Some ways to be prepared with winter weather coming

Published 12:30 pm Monday, November 27, 2023

With holiday travel and winter weather approaching, the Federal Emergency Management Agency (FEMA) has launched their Winter Ready campaign, encouraging people to identify and reduce the risks they face during cold weather.

“Harsh winters are not only a concern for northern states, as blizzards, extreme cold and the damage to our critical infrastructure that these conditions can cause threaten every community, everywhere across our nation,” said Secretary of Homeland Security Alejandro N. Mayorkas.  “An ounce of prevention today is worth a pound of cure tomorrow.”

According to the Centers for Disease Control and Prevention, more temperature-related deaths are attributable to cold exposure than heat, and Americans in rural communities are most likely to be impacted.  An important risk to mitigate is fires caused by home portable heaters, which remain the second leading cause of home fires in the United States, according to the U.S. Fire Administration (USFA).

Kentucky has experienced ice storms and tornado outbreaks in recent years during cold weather months, and FEMA Administrator Deanne Criswell says, “No matter where you are in the nation, it is important to know how to handle cold temperatures, power outages, and home heating technology in ways that keep you and your family safe.  I want everyone to be Winter Ready and then encourage your friends, family and neighbors to make a plan, too.  The steps we take now to prepare and educate people ahead of the winter season can end up saving lives.”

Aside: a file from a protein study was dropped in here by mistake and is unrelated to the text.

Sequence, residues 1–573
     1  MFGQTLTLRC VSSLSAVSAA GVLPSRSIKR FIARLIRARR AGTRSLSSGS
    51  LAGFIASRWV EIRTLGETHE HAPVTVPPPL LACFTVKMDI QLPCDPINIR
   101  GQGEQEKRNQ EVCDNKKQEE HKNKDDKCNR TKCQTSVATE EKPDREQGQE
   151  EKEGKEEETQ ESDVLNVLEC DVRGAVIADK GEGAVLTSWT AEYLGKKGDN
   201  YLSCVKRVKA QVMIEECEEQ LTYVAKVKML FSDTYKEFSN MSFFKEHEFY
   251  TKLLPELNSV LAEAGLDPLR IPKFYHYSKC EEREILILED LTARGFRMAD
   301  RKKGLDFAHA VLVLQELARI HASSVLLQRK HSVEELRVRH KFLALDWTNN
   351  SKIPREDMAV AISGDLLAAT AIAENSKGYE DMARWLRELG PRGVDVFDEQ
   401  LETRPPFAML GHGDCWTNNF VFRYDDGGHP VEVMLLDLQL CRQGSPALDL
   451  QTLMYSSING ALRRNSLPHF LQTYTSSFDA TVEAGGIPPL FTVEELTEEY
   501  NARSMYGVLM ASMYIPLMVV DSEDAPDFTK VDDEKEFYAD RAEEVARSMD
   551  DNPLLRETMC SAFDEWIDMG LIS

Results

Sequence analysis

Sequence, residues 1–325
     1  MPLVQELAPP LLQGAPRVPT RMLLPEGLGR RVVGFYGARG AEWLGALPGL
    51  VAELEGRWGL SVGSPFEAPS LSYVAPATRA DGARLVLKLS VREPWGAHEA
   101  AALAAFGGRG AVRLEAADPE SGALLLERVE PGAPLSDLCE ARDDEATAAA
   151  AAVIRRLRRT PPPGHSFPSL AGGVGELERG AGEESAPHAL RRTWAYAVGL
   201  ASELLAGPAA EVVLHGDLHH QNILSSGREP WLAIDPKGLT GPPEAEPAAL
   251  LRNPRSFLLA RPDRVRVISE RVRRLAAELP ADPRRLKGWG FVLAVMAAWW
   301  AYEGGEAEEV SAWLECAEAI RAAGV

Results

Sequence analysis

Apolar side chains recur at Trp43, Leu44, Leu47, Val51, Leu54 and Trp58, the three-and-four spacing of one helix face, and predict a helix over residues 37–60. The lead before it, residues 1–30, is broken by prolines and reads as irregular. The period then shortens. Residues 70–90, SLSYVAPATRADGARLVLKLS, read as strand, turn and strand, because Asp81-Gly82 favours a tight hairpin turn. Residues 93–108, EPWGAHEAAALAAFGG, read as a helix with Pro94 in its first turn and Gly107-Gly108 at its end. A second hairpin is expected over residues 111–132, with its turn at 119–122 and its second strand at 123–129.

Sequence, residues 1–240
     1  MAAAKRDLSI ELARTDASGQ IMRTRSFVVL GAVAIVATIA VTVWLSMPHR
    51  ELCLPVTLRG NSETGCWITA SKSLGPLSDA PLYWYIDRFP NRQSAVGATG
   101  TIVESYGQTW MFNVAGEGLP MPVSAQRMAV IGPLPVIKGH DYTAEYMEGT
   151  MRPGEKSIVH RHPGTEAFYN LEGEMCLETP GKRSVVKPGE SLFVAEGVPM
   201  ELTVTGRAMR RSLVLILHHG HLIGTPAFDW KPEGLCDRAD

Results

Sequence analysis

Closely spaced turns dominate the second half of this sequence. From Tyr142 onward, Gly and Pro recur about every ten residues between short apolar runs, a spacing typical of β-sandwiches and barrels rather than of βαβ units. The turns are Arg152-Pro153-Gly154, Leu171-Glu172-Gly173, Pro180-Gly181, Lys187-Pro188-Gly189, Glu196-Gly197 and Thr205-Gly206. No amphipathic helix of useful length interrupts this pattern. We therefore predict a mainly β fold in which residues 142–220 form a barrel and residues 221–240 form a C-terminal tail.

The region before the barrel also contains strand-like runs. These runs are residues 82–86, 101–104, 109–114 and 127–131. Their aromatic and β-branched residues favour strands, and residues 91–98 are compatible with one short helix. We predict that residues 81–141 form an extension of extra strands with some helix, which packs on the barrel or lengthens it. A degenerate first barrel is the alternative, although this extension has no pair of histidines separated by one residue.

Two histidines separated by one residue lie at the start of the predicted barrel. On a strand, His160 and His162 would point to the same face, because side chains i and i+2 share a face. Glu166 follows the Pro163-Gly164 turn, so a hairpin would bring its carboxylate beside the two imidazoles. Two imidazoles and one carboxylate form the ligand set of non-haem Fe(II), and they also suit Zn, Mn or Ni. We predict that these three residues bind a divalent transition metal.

USFA Administrator Dr. Lori Moore-Morrell points out, “Fires and fire-related injuries increase during the winter season.  These increases are largely due to heating insecurity, inattentive cooking and holiday decoration fires.  Cold temperatures lead to the use of fireplaces or space heaters.  These heat sources can keep us warm and can also be dangerous if not used safely.  Please keep blankets and anything that can burn at least 3 feet away from heat sources.”

She adds, “Holidays bring celebrating and cooking for family and friends, which can distract you from food on the stove.  Decorations are beautiful, but please check the cords of your holiday lights for cracks or frays and never leave a burning candle unattended. If using a live tree, keep it watered. A dry tree burns faster in event of fire.”

At ready.gov/winter-ready, you can find other tips to keep you safe, and reduce the risks of home fires.